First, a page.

If you live anywhere on the Anoka Sand Plain, you've seen the red (Norway) pines change color over winter and, in some cases, get worse this spring. Normally, winter injury symptoms disappear as the new, green shoots and needles grow. Some of the red pines have followed the typical scenario and are fine, but others are struggling. A number of pines have already died. On the dead and dying pines, you'll see orange/brown needles on most of the branches and no new shoots or needles developing in the bud tips.
Tree root systems were left high and dry and this puts all trees under stress. For the last two years, red pines have been indicating their level of drought stress in the form of winter injury. You can see it in pine plantations, windbreaks, roadside plantings, and backyard trees. Even the small understory pines in pine plantations are dying off due to lack of soil moisture.
With the deepening drought stress, red pines became vulnerable to insects that took advantage of their weakened state. Pine bark beetles attacked the upper crowns of many of these pines. An aerial survey this week found nearly 50 red pine plantations with discolored, dead, and dying crowns in Sherburne and Isanti counties. Most of the affected trees are located in plantation interiors, indicating a serious drought stress and likely bark beetle buildup. Pines in backyards, along roadsides, and in windbreaks were also affected. In some cases, 100 percent of the pines were orange colored. Back on the ground, a few discolored trees were felled and all had bark beetles developing in them.
A few pine plantations did not show any discoloration. Trees growing in these plantations apparently have plenty of rooting space and an adequate supply of water because they have been recently thinned by harvesting.
How can I tell if my pines are infested with bark beetles?
You'll notice several large branches or the top half of the tree with discolored needles. These branches are dead and do not have new growth. Pine bark beetle activity begins in the upper crown and progressively moves down the stem. It's easiest if you can cut a symptomatic tree down to check it for bark beetle galleries and exit holes. Galleries occur in the thin layer of inner bark between the outer bark and the wood. In the active galleries, you can find eggs, grubs, or immature or mature beetles. Exit holes are created as the new generation of bark beetles chews its way out of the bark and, when hundreds occur in a group, look like holes from a shotgun blast. This is positive evidence that bark beetles are active and could threaten nearby pines (within 1/4 mile).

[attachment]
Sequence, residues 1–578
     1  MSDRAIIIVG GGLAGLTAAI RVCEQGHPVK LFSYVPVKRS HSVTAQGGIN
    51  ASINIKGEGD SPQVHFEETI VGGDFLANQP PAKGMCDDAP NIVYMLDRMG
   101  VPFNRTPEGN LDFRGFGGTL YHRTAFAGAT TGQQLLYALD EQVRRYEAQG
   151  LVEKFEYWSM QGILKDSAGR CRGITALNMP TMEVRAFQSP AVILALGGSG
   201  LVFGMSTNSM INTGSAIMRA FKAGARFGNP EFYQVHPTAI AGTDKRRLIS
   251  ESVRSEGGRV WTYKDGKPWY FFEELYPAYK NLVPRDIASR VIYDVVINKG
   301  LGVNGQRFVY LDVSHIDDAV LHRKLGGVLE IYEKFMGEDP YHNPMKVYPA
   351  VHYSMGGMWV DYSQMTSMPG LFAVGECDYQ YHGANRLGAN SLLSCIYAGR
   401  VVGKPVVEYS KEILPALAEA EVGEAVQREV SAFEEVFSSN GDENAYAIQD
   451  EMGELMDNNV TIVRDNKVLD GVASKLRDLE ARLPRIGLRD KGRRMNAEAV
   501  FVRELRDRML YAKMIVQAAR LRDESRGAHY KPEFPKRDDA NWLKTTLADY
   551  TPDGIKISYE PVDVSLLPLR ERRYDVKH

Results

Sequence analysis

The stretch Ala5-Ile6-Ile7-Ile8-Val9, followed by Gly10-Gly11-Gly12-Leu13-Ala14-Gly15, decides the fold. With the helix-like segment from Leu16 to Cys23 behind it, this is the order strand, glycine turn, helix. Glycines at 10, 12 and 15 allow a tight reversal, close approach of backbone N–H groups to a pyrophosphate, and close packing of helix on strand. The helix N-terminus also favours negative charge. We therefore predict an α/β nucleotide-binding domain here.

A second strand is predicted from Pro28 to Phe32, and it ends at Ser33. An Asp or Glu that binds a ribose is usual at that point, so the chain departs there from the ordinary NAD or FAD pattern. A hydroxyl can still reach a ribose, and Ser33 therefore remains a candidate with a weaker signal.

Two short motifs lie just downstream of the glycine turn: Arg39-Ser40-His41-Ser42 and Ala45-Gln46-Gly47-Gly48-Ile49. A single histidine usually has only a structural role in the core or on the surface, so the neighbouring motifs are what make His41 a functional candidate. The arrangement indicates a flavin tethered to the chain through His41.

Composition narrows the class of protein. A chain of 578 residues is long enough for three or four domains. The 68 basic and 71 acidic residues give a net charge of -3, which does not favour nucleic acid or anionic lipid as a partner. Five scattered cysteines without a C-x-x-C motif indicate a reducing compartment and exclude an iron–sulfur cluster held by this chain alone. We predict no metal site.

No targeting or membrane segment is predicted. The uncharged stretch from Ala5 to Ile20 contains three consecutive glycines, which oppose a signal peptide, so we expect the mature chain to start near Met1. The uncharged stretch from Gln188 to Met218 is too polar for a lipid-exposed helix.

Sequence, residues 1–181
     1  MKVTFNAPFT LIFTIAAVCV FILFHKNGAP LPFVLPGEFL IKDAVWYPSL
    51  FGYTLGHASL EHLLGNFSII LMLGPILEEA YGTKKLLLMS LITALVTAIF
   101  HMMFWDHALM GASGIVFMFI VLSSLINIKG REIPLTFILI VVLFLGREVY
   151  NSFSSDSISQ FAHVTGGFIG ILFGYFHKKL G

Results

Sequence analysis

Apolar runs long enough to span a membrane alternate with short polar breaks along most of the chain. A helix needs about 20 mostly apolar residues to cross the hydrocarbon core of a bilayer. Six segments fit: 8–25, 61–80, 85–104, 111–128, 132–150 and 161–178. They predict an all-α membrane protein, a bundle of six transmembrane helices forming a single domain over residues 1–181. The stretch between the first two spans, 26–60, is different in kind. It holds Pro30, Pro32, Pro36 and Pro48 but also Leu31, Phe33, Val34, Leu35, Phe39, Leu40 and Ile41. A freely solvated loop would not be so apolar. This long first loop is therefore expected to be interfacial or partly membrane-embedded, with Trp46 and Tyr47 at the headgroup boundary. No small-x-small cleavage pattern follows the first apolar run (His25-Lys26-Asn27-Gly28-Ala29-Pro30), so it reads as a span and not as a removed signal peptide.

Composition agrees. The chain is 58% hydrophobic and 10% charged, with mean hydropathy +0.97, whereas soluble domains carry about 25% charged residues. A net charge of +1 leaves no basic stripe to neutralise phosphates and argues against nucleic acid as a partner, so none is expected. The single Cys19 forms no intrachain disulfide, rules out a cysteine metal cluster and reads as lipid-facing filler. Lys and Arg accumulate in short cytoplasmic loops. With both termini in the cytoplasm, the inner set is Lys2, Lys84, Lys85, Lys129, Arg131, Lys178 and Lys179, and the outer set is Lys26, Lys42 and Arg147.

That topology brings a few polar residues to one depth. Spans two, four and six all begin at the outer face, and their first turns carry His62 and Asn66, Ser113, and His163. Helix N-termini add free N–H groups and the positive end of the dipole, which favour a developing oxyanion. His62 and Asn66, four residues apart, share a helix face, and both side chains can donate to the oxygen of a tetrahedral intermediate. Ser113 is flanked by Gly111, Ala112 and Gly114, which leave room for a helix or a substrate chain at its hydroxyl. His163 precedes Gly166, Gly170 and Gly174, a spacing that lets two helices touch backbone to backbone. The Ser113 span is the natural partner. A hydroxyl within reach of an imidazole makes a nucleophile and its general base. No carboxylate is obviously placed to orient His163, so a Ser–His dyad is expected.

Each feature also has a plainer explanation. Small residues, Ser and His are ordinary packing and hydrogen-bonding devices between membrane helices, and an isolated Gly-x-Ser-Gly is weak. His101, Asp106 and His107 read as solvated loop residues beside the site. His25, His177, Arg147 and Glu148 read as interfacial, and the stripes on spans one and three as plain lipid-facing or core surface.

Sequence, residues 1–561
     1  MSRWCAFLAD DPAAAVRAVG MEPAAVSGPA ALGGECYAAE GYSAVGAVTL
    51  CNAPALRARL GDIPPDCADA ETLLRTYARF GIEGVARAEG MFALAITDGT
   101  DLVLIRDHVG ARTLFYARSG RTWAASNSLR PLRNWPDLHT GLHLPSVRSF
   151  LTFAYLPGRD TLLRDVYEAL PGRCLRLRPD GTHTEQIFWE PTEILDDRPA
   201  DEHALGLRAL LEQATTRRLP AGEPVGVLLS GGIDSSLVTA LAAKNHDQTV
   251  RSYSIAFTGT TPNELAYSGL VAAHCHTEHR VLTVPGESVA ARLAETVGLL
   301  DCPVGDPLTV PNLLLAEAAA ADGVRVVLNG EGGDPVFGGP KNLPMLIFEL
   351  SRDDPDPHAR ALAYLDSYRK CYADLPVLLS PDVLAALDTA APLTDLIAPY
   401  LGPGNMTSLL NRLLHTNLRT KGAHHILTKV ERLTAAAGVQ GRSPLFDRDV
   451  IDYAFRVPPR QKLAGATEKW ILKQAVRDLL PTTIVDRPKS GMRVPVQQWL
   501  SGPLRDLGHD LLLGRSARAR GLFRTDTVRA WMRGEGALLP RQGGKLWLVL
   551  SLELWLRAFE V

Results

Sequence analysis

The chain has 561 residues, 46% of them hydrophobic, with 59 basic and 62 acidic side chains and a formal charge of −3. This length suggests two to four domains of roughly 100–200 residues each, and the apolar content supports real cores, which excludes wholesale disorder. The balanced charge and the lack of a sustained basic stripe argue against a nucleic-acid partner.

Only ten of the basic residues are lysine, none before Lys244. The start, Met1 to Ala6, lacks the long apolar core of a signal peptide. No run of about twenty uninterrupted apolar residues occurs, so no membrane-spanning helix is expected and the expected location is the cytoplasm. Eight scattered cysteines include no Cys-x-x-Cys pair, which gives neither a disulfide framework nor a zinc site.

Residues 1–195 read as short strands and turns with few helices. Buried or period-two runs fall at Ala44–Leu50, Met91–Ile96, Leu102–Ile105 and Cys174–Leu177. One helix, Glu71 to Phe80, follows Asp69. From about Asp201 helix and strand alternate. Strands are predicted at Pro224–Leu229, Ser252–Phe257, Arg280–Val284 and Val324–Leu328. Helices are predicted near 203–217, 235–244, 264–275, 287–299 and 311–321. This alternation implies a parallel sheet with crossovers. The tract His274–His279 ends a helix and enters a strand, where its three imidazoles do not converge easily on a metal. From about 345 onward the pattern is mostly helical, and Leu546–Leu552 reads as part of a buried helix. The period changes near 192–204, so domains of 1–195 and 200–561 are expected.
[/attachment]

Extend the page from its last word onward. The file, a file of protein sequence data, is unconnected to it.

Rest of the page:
For dead and dying pines in backyards, along roadsides and in windbreaks:
1. Cut down the pines as soon as possible. To keep bark beetles from spreading to adjacent trees, you then must get rid of the tree tops and branches by chipping, burning, burying, or otherwise destroying them. The logs should be debarked, chipped, burned, or removed from the property. Do this within three weeks of cutting the trees. If you don't, you've made it worse for the remaining pines because you've just raised a huge crop of hungry bark beetles.
2. Water, water, water. Where possible, use a soaker hose to irrigate the root systems of the remaining pine trees for the rest of the summer. This is especially important if rainfall dips below average.
3. Watch your trees carefully. Are more trees changing color? Are bark beetles still a problem? Repeat step 1 and, later, step 3.
For dead and dying pines in plantations:
1. Doing nothing is always an option. If there are trees with discolored crowns in your plantation, there will likely be bark beetle-caused mortality in your plantation this year. And, if the drought is truly over, mortality that occurs this summer will be the only mortality that the bark beetles will cause.
2. Use a management method called the "trap tree technique" to limit mortality, thin the stand, and make a little money. In a nutshell, some trees are girdled and harvested and all products and slash are removed or destroyed within three weeks of being cut. Hint: have a contract with a logger in hand before you begin girdling the trees! That way you won't create a bigger bark beetle population and extensive tree mortality.
3. If your plantation is heavily damaged, you may want to thin or clear cut harvest the stand this fall or winter. Make sure bark beetles are the cause of the damage first, then contact a forester for further advice.
4. A long-term goal is to improve tree vigor by thinning the plantation. There's a double benefit; your trees will be better able to withstand drought stress, and you'll make some money. But wait for a year or two so the lingering effects of drought are over, and only cut trees during the fall and winter to avoid bark beetle buildup and tree mortality.
More information on managing pine bark beetles: